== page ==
SA, ruff a spade, cash a high heart and get the bad news that rho has four trumps. Club to CJ, ruff a second spade, three rounds of clubs, pitching two diamonds, ruff a diamond, trump to HQ, diamond, pitching spade as rho ruffs. Claim. Or ruff as rho pitches or follows. Claim.
July 2, 2017
Jane Eason edited this comment July 2, 2017
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They signal udac, so I play the H4 at trick one.

Before this discussion, I would have led the DK, had I chosen to work on diamonds. But in the future I will lead the DJ, thanks to some of your good explanations.

(Edited out my last question–figured out the answer.)
July 1, 2017
Jane Eason edited this comment July 1, 2017
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The bid asks about controls necessary for slam, with those controls being the four aces, voids, and the king and queen of trumps.
July 1, 2017
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I played in this event an hour or so ago, and, at that time, there were 3,300 entries.
July 1, 2017
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I like upside down attitude in all attitude situations and upside count on declarer's lead, with standard present count on the second and later plays of the suit. For count situations when partner leads, I prefer standard count because I can always read it, while trying to read upside down count on my lead is confusing. However, none of my current pds will agree to this method.
July 1, 2017
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Christopher Monsour, you asked, “What is NACB?” It's a typo! <blush>
June 30, 2017
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Looks to me that, double dummy, 4H is a make. In all cases, you set up clubs and keep an entry to dummy to cash them. I don't think you can make it if you win the diamond at trick one, though.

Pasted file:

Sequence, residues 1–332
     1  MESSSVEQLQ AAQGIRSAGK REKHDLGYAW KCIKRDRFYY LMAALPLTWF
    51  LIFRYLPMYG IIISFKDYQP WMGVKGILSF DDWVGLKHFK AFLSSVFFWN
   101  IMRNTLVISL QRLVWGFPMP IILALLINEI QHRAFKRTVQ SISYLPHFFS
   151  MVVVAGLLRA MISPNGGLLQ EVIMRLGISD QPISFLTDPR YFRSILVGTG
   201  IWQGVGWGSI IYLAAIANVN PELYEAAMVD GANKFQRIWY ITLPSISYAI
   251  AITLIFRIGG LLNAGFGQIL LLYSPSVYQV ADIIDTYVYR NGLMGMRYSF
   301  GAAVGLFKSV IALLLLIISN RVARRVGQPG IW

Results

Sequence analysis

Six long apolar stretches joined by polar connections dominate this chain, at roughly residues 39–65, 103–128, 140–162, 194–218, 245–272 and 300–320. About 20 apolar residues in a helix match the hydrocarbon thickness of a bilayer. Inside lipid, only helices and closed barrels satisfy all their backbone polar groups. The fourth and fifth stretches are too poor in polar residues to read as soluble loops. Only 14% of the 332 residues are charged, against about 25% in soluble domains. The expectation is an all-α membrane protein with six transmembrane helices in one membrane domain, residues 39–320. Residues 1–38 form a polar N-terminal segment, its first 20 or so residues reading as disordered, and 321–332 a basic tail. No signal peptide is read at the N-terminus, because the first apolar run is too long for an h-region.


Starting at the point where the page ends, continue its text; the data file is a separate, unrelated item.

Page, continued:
Duck a diamond at trick one. Say rho returns a diamond, win. Cash CA, ruff club, ruff diamond, cash HK, ruff a club. Cash HA, and lead a heart. Clubs are good and you have the spade K to get to dummy.

If rho wins and shifts to a low spade, play the SJ, forcing lho to win. If he wins and returns a spade, win the king, play CA, ruff club, HA, HK, ruff a club, give up a heart. Dummy has three good clubs and the DA for an entry. If he ducks the SJ, just set up clubs and give up a heart.

If rho shifts to the SQ, as someone suggested, you play small from hand and either win the king or, if lho wins the SA, he will either lead a spade or a diamond. If he wins the SA and leads a spade, win the SJ in hand. Now, cash CA, ruff club, ruff a diamond to dummy, cash HK, ruff a club, setting up the clubs, cash HA and give up a heart. lho has to lead a spade to dummy's king.

If rho wins the diamond at trick one and leads a trump, play the HA, CA, ruff a club, HK, ruff a club, give up a heart and you have the DA for an entry.
June 30, 2017
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The convention I most dislike is Lebensohl in response to a double of a weak-two bid.

And the non-conventional bid I most dislike is responding 2NT to a strong 2C opening. (The bots love this bid.)
June 28, 2017
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RIP, John Potter, a wonderful man and a wonderful bridge player. Saw him at a recent Nationals, for the first time in many years, and was so happy to have a chat. (Jane Knapp Eason)
June 28, 2017
Jane Eason edited this comment June 28, 2017